But this time, I knew what to avoid mortgage-wise. We found a local bank that holds all of the mortgages that it originates. We paid an extra half percentage point for this. Well worth it in my opinion. When I had cancer (and thanks to an extremely supportive employer) there was no worry that I would lose my job (at least not right away), but it helped immensely to know that if I had and we had to sell the house, the bank would have worked with us. And they did work with us in non-predatory ways on refinancing, home equity loans, and anything else we needed for the 10 years we owned the home.
Look. This is the heart of capitalism. I want to borrow money to own property. The bank wants to lend money for which it receives a return that reflects risk and the opportunity cost of what it lends. This is a marvelous arrangement for a lot of reasons. Not least, my ownership of said property is a near guarantee that it will be maintained and mowed, improved, and the loan paid off. The fact that all my neighbors face the same incentives to maintain and mow, improve, and pay off creates a web of interlinked well-being. As the neighborhood goes, so go we all.
No good can come from neighborhoods populated by home-owners who have devolved into squatters. Nor can any good come from neighborhoods wholly or mostly owned by banks, particularly large banks with no vested interest in the community. Moreover, capitalism, as experienced and lived by a population whose ancestors started out as squatters with “tomahawk rights,” that evolved over time to homesteaders and, eventually, homeowners, is getting a very deserved bad name.
If capitalism has held a special place in the hearts of US citizens, it is almost certainly because most of the working and middle class have been able over time to acquire a little bit of heaven on earth: their own home, bought and paid for by them. Their homes are tangible evidence of their hard work, their prudence, their temperance, and their perseverance. Those homes and the loans that made them possible were also tangible evidence of the partnership between labor and capital; between homeowner and banker; between mini-capitalist and serious-capitalist.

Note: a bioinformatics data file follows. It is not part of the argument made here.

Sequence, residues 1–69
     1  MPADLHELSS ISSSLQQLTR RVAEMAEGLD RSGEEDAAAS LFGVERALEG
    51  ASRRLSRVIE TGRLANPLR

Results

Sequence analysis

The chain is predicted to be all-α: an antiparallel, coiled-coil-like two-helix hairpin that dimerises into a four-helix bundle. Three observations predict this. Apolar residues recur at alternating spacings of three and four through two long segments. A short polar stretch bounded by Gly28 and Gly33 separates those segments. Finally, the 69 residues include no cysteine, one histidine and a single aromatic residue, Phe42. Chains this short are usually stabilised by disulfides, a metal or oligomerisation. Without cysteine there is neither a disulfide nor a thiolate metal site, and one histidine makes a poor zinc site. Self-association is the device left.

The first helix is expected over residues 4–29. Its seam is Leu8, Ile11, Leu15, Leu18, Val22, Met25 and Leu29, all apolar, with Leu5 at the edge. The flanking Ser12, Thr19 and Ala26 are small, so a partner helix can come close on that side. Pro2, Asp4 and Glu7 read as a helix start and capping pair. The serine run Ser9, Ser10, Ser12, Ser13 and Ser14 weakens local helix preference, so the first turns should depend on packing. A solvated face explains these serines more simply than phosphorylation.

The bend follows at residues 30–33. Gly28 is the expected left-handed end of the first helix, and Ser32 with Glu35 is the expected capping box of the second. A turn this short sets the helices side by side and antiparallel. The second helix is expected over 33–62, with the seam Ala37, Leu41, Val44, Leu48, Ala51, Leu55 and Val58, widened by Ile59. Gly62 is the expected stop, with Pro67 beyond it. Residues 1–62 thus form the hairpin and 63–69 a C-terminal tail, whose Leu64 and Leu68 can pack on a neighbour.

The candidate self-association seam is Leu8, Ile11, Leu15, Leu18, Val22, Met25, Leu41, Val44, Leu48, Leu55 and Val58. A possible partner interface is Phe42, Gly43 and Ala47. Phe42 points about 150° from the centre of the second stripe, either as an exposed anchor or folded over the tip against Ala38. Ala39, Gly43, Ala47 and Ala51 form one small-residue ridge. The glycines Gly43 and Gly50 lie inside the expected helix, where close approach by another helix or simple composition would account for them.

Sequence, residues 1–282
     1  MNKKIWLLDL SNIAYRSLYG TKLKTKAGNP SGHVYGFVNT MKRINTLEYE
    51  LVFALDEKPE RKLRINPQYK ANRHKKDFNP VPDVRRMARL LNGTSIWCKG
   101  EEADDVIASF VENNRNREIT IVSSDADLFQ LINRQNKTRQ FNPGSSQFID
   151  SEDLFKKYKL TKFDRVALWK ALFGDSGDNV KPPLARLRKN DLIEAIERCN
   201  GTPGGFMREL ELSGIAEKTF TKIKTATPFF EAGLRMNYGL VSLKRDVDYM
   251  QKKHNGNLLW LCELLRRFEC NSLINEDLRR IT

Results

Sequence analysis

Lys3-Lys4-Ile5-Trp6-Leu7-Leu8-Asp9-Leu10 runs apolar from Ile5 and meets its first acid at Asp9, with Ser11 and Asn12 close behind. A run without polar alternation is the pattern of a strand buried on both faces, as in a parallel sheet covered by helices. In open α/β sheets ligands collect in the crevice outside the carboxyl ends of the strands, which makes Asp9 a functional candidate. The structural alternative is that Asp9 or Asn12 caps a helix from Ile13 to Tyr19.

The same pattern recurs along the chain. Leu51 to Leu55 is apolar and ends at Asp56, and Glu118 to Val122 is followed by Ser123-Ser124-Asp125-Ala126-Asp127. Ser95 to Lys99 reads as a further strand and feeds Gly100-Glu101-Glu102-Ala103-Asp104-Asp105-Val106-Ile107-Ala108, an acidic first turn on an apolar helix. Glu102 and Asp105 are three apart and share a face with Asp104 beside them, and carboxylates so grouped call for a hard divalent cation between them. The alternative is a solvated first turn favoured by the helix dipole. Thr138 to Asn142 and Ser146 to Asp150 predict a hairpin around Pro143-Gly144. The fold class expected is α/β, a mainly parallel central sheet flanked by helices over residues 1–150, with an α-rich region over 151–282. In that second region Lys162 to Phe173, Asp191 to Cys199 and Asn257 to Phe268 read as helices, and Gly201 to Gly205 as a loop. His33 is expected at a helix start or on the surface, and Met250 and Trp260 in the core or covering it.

I will say it again. They are tangible evidence of a partnership, a mutually beneficial contract between banker and home buyer. Not adversaries. Partners.
What makes this worse IMHO is that the current mortgage morass appears to be the result of capital’s failure to observe and adhere to the rudiments of property rights: the proper and legal transfer and holding of a title and a promissory note; the proper and legal processing of said documents to initiate foreclosure; and a level of outright cruel and confiscatory behavior that until lately I had only associated with totalitarian governments. (If you doubt me, see here).
So this is a message to bankers and anyone else who at least putatively cares about capitalism and commercial exchange. I am probably among the most sympathetic to both and to the institutions that support them. I am losing sympathy. Nay, I have lost it. This is the stuff from which revolutions are born and you will have brought it on yourselves. The problem is that capitalism when done right yields real value, real benefits to us all. So when it dies, when you have killed it, as with all of your other financial chicanery, we will all pay the price.
p.s. Excerpts, of course, do not do justice. There is tons of wonderful writing, in long form and carefully argued, on the Maxine Udall blog. I scan and read so many blog posts every day, even great writing often fades into the background. Going through the last few months of her work makes me terribly sad that this is a person I will never meet.